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Can ChatGPT Save Your College Career?

By Kean Huy Alado

Photo Credit to Pexels

One day, a group of digitally inclined humans put a team together to build and push the limits of technology. With their ingenuity and persistence, they produced artificial intelligence (AI) capable of communicating with humans in an unfathomably realistic manner in less than a decade.

The history of Chat GPT began this way with OpenAI, an American organization aiming to research and develop AI. The company was founded in 2015 by Sam Altman, Greg Brockman, Elon Musk, Ilya Sutskever, Wojciech Zaremba, and John Schulman; however, Elon Musk has since exited the organization. Altman has been CEO since 2020.

These AI assets have been dubbed “chat AI” or “chatbots,” and can understand a myriad of languages with a sensitivity to context, humor, and slang. You can hold a conversation with them, and you can do so if you’re bored on Snapchat with their chatbot.

But for this generation’s tech-savvy college students, these bots can be a great asset and make life easier when an unfinished essay is due in a few hours. But this reality worries educational institutions and has them questioning the authenticity of turned-in assignments. Few school districts across the country have made efforts to ban chat AI use, including New York City public schools. At the university level, including Barry, the policy has been left up to professors for each of their courses.

Photo Credit to Pexels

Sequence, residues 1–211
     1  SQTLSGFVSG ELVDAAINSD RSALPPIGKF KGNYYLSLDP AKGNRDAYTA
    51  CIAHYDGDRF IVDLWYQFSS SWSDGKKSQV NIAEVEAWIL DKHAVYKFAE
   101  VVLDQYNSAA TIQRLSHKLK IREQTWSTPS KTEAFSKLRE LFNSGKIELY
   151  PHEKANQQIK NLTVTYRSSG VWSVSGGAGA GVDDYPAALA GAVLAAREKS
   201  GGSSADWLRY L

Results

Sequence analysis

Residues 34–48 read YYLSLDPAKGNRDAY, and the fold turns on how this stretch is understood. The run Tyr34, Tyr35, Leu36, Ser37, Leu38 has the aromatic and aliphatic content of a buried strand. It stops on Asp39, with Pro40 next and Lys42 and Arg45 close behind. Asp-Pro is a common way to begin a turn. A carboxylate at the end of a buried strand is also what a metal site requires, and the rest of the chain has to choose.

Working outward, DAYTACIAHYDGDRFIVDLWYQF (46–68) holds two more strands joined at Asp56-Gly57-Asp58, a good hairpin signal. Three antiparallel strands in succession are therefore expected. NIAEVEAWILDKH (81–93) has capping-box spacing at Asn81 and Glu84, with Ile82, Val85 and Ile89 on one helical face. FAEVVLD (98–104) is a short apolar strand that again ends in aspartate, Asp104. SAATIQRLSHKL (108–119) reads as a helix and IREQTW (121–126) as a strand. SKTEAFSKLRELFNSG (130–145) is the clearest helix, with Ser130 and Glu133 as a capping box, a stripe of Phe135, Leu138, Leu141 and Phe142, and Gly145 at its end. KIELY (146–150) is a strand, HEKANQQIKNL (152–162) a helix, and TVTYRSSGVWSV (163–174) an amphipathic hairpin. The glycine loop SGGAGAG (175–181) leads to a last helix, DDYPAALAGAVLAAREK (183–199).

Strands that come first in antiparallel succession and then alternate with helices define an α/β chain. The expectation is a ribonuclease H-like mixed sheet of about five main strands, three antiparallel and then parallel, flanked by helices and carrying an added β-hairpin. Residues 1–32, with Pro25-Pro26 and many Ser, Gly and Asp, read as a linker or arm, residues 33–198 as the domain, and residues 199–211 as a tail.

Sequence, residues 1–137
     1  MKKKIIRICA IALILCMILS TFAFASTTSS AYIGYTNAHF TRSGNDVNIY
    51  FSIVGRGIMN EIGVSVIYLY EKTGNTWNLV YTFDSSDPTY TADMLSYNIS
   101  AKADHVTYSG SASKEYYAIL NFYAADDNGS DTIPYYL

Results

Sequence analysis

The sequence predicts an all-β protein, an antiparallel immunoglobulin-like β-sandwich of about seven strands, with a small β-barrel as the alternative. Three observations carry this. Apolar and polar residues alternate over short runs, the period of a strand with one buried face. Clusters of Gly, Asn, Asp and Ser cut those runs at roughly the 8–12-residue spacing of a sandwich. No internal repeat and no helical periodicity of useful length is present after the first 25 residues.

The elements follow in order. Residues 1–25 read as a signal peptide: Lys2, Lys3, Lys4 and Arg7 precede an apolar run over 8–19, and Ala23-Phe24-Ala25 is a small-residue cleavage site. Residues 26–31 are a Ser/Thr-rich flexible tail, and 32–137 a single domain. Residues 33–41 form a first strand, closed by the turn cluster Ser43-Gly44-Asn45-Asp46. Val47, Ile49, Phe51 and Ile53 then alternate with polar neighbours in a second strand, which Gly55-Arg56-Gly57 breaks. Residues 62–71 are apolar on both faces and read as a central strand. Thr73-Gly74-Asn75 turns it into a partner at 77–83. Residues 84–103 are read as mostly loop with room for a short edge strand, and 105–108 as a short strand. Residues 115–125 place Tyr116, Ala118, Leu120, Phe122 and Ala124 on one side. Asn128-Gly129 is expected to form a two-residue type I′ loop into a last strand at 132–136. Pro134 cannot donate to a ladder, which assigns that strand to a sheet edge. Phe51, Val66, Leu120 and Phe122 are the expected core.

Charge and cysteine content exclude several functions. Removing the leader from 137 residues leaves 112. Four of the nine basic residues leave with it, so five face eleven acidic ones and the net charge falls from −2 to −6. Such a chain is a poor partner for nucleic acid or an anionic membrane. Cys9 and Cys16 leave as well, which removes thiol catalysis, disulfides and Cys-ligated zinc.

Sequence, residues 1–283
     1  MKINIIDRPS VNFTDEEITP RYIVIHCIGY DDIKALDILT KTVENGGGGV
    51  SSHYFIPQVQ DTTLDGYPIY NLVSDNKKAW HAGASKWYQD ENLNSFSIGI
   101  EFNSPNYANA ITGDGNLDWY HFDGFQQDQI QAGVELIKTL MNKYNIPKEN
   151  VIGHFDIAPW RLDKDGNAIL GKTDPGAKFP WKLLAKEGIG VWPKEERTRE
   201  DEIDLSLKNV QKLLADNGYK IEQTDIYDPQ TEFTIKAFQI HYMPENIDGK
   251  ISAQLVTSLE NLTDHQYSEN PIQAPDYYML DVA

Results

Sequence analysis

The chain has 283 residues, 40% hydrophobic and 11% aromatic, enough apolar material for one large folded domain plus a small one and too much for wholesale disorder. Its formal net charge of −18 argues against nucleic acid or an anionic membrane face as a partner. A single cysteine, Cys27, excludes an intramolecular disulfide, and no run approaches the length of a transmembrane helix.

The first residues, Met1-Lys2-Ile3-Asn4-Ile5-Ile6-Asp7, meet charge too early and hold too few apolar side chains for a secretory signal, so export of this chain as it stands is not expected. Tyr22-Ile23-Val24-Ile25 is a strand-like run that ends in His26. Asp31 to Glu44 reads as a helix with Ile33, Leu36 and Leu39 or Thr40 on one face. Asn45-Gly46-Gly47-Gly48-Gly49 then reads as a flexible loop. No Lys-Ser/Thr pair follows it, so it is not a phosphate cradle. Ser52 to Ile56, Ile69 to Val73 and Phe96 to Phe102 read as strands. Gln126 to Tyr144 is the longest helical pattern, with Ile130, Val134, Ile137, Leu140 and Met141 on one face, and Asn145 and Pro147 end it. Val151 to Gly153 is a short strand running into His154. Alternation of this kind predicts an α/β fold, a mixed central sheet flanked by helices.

The first iteration of the chat AI software of OpenAI’s language model series, GPT-1 (Generative Pre-trained Transformer), was released back in June of 2018. It held over 117 million parameters monumental to the development of word prediction in later models, achieved by unsupervised language comprehension of online texts and books.

The second model of the series was unveiled in February 2019, which displayed improvements in text generation and greater parameters. This level allowed GPT-2 to produce coherent, multi-paragraphed text in responses. But it was not yet ready for the public.

Before the next model, the organization vowed to continue studying AI and potential means of public exploitation. In June of 2020, GPT-3 was launched and boasted greater capabilities than its predecessors with prompted text generation for essays, emails, text messages, poetry, programming code, and translations between languages.

Two years later, last November, GPT-3 became the software used in ChatGPT, the free public version available on the OpenAI website. However, despite their efforts to reduce human exploitation of the language AI, the public version would still induce fear among OpenAI’s top brass.

“I’m particularly worried that these models could be used for large-scale disinformation,” said ChatGPT CEO Altman to ABC in March.

Coincidentally, GPT-4 came out at the same time as the interview and became integrated into the AI. By April, it was trending online, creating widespread shock and awe at its power and the extent of human ingenuity.